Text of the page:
Ceriatone | Dumbleland Special | Guitar Wank | Manzamp | Overdrive Special | Steel String Singer
Alexander Dumble was a custom amp builder who would find guitar players he liked and build amps specifically tailored for them.
This meant that if you approached him to have an amp built, he would most of the time famously say no, something that annoyed a lot of people, to say the least. Even very famous players got turned down and would instead have to look to the extremely expensive second-hand market.
Because of the way the amps were built for a specific person, it also means that when you try to define what a Dumble amp is, you will by default be wrong.
His process would be to talk to the chosen player in question about what they had, what they’ve tried and enjoyed, and perhaps more importantly, what they didn’t.
Dumble would also sit and listen to them play, and when he felt ready, start building the perfect amp for the player in question.
Alexander would often approach players he liked and offer his services. As these were big-name players, they assumed it was going to be given to them and they’d be surprised when he revealed that they, in fact, had to pay for the amp, and they were not cheap!
Alexander had zero interest in building an amp that went into production; several big brands tried, but he always turned them down.
Most of the time, the lucky few who did have an amp built for them would be more than happy once it was delivered. In the few cases they wanted to move on, Dumble would ask them to give it back to him rather than sell it so he could personally find a new player for his custom creation. For a few years, he even had his customers sign contracts that they couldn’t sell the amp he’d built for them or take pictures of the inside!
As his reputation spread, his paranoia about having his ideas stolen increased, leading to the circuit boards being covered in goo. Bill Finnegan famously did this to his Klon Centaur pedal as well.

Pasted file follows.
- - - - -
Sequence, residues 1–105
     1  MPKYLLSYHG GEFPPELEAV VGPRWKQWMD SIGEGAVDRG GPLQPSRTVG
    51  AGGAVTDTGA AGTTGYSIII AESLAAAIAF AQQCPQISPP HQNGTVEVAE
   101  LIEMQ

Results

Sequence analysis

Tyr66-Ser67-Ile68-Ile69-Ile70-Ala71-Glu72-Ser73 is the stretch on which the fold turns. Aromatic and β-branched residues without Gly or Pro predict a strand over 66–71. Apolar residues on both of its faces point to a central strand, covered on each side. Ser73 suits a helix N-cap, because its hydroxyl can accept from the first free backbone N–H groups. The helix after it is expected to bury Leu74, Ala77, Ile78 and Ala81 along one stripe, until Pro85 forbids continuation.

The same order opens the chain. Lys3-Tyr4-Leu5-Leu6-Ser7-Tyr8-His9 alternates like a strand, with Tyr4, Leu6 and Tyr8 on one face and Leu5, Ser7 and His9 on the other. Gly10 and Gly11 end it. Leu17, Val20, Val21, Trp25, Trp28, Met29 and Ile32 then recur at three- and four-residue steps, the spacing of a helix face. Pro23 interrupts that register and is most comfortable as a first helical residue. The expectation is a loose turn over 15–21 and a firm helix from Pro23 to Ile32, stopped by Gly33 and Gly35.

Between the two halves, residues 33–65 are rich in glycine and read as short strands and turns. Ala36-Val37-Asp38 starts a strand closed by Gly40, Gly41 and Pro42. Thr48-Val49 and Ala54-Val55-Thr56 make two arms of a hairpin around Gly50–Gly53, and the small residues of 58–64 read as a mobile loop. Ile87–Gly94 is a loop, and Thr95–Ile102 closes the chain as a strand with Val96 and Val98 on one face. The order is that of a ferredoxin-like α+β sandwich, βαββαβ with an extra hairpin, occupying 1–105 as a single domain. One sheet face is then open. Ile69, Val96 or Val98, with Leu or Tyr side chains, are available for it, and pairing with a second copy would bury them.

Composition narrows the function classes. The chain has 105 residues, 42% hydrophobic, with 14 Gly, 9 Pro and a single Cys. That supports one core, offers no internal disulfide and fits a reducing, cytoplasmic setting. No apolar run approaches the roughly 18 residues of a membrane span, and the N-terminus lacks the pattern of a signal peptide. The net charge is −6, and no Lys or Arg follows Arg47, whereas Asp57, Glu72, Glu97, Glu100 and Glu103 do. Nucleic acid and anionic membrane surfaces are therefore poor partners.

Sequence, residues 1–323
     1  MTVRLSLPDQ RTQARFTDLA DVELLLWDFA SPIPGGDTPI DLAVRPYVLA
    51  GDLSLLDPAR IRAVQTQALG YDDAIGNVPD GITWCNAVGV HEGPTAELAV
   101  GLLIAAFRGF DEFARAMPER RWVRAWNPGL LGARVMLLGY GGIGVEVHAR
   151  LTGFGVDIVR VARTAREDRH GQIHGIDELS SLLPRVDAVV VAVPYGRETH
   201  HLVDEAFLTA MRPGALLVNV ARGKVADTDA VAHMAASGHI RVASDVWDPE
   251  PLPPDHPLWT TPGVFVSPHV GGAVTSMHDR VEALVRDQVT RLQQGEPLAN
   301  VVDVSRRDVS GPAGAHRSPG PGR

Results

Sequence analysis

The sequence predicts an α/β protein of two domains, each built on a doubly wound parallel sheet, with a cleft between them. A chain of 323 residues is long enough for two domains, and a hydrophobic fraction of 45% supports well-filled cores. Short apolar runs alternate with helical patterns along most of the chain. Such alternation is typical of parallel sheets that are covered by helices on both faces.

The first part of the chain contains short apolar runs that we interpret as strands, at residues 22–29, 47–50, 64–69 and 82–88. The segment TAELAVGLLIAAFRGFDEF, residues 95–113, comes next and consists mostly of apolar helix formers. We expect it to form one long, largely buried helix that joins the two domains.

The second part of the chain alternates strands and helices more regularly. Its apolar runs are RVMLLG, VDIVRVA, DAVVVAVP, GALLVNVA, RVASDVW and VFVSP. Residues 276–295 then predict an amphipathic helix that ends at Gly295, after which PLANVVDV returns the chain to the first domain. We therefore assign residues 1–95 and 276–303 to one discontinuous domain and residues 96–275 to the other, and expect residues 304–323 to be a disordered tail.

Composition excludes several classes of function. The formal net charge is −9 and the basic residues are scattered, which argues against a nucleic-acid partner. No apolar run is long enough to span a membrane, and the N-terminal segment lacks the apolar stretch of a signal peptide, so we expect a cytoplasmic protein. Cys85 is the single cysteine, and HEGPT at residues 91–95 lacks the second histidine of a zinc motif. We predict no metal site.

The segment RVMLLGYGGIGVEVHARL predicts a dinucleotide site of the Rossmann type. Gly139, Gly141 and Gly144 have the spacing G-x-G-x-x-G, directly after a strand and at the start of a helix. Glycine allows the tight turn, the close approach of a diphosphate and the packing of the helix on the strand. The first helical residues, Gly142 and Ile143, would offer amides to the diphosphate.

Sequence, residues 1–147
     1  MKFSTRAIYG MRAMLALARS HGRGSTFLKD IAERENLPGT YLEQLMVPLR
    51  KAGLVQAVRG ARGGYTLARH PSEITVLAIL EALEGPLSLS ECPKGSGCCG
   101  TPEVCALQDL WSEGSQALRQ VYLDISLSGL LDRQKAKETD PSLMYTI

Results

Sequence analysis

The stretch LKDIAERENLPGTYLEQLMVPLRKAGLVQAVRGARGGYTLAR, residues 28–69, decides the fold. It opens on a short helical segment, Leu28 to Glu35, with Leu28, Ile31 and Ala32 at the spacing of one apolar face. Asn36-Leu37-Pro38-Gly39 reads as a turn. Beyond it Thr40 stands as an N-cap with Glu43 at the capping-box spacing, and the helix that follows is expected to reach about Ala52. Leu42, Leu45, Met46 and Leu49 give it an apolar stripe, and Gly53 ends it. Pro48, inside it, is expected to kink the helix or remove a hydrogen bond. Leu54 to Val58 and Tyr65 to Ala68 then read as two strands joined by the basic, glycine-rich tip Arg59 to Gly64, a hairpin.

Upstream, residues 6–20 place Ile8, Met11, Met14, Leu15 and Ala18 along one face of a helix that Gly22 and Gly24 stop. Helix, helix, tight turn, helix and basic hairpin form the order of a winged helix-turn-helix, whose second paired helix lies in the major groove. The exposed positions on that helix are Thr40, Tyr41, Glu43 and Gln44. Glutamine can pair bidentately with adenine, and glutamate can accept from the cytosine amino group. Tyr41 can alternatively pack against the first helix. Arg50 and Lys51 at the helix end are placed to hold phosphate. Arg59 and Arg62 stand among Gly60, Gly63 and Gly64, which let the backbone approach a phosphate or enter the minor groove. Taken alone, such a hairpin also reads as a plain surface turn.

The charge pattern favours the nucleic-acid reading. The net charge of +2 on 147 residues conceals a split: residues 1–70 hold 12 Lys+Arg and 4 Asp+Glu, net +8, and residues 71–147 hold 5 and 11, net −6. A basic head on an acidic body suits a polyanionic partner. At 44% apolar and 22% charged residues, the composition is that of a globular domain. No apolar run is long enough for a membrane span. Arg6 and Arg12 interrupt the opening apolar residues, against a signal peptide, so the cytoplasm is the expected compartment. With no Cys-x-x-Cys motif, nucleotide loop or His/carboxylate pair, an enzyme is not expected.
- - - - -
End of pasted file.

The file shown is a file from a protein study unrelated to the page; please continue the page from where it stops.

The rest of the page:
Even though this extreme level of customization was his general strategy, over the years, a bunch of classic amps would become common “Dumble models.” Let’s take a look at the most famous ones.
The Overdrive Special
This is the one that made him famous. Inspired by the sound of Robben Ford playing a Fender Bassman with a tube screamer, Alexander designed the amp with the clean channel cascading into gain, rather than the other way around, with the pedal pushing the amp’s preamp.
This may sound like a small detail, but what happens with a pedal into the preamp is that the bass response is cut off more drastically. An amp with natural overdrive will have a more well-rounded sound, less “boxy” if you like.
If you ever get a chance to try this design, do compare running an overdrive in front. Compare it to the built-in drive, and you’ll instantly hear/feel the difference.
Dumble didn’t invent the overdrive channel; Mesa Boogie had done this in 1972, but he didn’t like that design. The unique part of the Dumble design is the way the cascading gain from the clean preamp into a second gain stage works. Exactly how much and the balance between clean and dirty is the difficult part. Perhaps this is why he’d want to have a player and even the exact guitar in mind as he set to work on each amp.
Following what is now known as the Robben Ford model, many variations on the overdrive special appeared. Most famously, the HRM, which is short for Hot Rodded Marshall. It’s a second tone-stack that goes after the cascading overdrive.
Steel String Singer
The super clean, extremely loud SSS is known for having “clean feedback,” which is an interesting concept, as when we think of feedback, we automatically imagine a distorted sound.